In general, expressing ideas that appear to “promote violence” or seem “anti-cop” are broadly protected by the Constitution, as long as they do not intentionally incite criminal acts in the imminent future – you can say “Fuck the Police,” but you can’t tell a crowd of people to commit a felony against a specific officer. But this decades-old legal line has begun to blur with the recent increase in criminal cases involving rap lyrics. An ACLU study last year found 18 cases in which prosecutors introduced rap lyrics as evidence against a defendant, sometimes in instances where the lyrics had little if anything to do with the alleged crime. These cases have contributed to a hyper-policed climate where otherwise reasonable people think it makes sense to ban a rapping hologram.
The idea that dangerous ideas in music will have a corrupting effect is not new. In many ways, the banishment of Chief Keef’s virtual avatar echoes arguments that date back to the early 1990s, when everyone from Tipper Gore to President George H. W. Bush attacked “Cop Killer,” by Ice-T’s metal group Body Count, for its supposed negative impact on society. The advent of social media, however, has made it possible for ideas the government considers extreme to be disseminated on a level that would have been previously unthinkable.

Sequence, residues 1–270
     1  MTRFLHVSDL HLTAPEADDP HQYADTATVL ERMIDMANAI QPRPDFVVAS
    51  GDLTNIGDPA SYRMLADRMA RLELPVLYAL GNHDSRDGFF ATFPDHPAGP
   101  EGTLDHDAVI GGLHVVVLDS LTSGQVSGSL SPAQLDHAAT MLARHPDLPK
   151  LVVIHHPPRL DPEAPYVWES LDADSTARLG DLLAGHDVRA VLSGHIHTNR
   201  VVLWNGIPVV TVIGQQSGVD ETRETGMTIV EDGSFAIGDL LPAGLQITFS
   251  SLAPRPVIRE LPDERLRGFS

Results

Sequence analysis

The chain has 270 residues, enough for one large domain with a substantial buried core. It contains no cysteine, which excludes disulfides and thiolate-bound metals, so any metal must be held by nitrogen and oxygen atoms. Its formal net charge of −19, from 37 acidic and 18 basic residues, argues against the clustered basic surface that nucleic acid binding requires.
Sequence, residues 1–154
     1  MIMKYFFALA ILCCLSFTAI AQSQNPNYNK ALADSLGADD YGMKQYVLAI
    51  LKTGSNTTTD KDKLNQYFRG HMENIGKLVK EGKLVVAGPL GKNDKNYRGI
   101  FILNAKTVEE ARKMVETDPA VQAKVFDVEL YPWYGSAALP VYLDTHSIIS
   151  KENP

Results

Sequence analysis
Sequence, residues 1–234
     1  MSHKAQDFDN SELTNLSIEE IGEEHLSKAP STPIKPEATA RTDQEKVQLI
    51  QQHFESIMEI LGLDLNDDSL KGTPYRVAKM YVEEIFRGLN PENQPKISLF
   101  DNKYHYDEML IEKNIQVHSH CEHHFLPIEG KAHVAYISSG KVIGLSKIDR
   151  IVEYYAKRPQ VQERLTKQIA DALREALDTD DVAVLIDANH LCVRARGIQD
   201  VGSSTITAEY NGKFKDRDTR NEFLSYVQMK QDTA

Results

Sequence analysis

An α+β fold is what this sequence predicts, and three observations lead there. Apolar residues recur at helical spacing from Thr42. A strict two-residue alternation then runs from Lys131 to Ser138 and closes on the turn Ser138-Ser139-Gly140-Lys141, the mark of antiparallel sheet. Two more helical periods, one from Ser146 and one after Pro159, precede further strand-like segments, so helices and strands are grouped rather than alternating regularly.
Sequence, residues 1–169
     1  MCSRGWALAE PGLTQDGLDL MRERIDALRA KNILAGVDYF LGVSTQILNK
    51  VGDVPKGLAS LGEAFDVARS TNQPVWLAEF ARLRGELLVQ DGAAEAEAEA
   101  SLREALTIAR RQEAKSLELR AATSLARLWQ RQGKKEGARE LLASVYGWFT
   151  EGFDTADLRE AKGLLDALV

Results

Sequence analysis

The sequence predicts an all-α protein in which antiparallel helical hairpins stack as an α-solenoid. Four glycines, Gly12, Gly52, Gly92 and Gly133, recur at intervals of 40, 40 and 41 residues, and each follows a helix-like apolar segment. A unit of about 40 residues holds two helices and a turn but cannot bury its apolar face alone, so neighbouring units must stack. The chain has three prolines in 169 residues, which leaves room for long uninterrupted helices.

Since the ACLU study last year, prosecutors have continued to bring violent lyrics cases, according to Erik Nielson, an assistant professor of liberal arts at the University of Richmond. He is also the co-author of a New York Times editorial critical of prosecutors using rap lyrics as evidence, and often serves as an expert witness for defense teams in these cases.